Friday, 05 February 2021 08:55

Growing a leafy vegetable for cows could reduce N leaching

Written by  Staff Reporters
DairyNZ catchment leader Adam Duker and local dairy farmers Mark Diamond, Blair Castles and Brad McNaughton. DairyNZ catchment leader Adam Duker and local dairy farmers Mark Diamond, Blair Castles and Brad McNaughton.

Incorporating certain varieties of plantain into a cow’s diet has been shown to reduce the nitrogen concentration in their urine, which can leach through soil into groundwater.

To test the benefits in local pastures, DairyNZ has been leading the Tararua Plantain Project in the lower North Island, where farmers have been growing the leafy herb for their cows. The Ministry for Primary Industries is also involved as a key contributor.

Tararua dairy farmers Blair Castles, Mark Diamond and Brad McNaughton are already using plantain in their pastures. As System 2 and System 3 farmers and members of the project’s monitoring group, they’re keen for others to learn from their results.

Blair Castles

Dannevirke dairy farmer Blair Castles is a farmer on a mission. He says when he found out DairyNZ was suggesting using plantain to reduce nitrogen (N) leaching, he was keen to get on board.

He’s just one of several farmers in the area who are tackling the issue head-on – and sharing their findings with other farmers.

“I like what DairyNZ is trying to achieve and I’m keen to show other farmers what plantain is like in a sward,” says Blair.

“To reach the Horizons Regional Council targets, we have to reduce N leaching on our farm by eight to nine kg/ha. All of us in the region need to get on board and do our best to be compliant.”

Blair has been using plantain, along with chicory, for about six years. He’s looking at taking out chicory and lifting the rate of plantain. At present, chicory is 10% of his sward; plantain’s about the same.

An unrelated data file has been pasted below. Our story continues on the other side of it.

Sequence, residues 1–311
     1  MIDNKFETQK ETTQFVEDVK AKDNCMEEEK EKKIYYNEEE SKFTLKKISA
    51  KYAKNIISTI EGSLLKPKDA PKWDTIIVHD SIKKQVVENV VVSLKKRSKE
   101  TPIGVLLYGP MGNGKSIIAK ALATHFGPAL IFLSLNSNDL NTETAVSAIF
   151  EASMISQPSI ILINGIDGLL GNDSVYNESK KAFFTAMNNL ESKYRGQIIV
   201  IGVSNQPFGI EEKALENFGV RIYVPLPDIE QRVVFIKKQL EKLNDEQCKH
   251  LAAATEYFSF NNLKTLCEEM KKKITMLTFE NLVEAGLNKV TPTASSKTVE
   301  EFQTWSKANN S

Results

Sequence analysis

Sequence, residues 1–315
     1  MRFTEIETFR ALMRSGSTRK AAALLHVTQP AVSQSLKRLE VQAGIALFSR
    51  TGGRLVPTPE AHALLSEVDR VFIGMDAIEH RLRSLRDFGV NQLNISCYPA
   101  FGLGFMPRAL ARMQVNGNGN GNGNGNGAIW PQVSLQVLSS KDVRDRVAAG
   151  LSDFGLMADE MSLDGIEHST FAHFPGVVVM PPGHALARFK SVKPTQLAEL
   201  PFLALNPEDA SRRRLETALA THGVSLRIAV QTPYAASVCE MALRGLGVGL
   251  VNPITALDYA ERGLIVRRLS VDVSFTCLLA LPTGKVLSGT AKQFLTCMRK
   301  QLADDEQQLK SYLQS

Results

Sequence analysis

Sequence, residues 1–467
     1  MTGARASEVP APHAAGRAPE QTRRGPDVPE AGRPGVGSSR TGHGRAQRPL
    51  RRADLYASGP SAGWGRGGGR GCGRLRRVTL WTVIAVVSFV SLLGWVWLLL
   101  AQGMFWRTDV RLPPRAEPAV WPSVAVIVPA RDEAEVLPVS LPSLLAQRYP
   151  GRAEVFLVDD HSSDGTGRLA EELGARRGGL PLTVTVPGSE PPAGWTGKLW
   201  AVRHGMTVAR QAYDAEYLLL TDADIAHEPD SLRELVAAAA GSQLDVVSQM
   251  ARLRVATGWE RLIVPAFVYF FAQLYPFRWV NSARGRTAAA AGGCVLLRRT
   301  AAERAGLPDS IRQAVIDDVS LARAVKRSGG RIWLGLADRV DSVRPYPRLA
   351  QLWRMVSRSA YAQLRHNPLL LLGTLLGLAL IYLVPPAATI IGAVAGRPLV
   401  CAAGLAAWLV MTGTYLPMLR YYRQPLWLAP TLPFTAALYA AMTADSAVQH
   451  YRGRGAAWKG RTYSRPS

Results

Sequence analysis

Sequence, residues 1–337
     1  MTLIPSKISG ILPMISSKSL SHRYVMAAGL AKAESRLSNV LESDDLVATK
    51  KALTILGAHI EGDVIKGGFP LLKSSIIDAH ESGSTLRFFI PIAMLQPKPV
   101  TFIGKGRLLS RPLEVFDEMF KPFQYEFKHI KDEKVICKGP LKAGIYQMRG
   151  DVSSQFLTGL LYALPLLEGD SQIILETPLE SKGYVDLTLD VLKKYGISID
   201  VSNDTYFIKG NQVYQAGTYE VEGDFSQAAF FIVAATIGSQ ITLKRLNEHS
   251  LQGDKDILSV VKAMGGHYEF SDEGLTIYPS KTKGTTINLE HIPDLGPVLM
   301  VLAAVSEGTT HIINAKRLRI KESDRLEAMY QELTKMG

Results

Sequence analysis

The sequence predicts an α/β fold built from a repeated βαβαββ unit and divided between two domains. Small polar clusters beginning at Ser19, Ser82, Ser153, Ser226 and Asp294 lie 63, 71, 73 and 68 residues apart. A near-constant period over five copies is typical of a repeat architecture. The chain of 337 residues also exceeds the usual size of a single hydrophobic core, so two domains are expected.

“It wasn’t difficult to establish but it’s been very effective.

“We wanted to use more herbs in our ‘fruit salad’ pasture of ryegrass and clovers. We’ve achieved this and the cows like it. Depending on the trials, we could increase plantain in the future. We’ll do anything we can to be compliant with the council regulations.”

Blair plants plantain in autumn, after the summer turnip crop has been lifted. He has a 15% regrassing programme underway, so it’s early days in terms of results with plantain.

“When I first started using it, I had some concerns around bloat on plantain, which doesn’t happen with chicory. We had to monitor it but so far, we haven’t had any problems. As a precautionary measure we add bloat oil to the drinking water, which covers the clover as well, and this seems to be working well.”

He plants kale in winter and will also add fodder beet to the mix this year.

“We used to grow swedes for our main winter crop, but this year we’re changing to fodder beet on the runoffs and a bit on the milking platform as well.”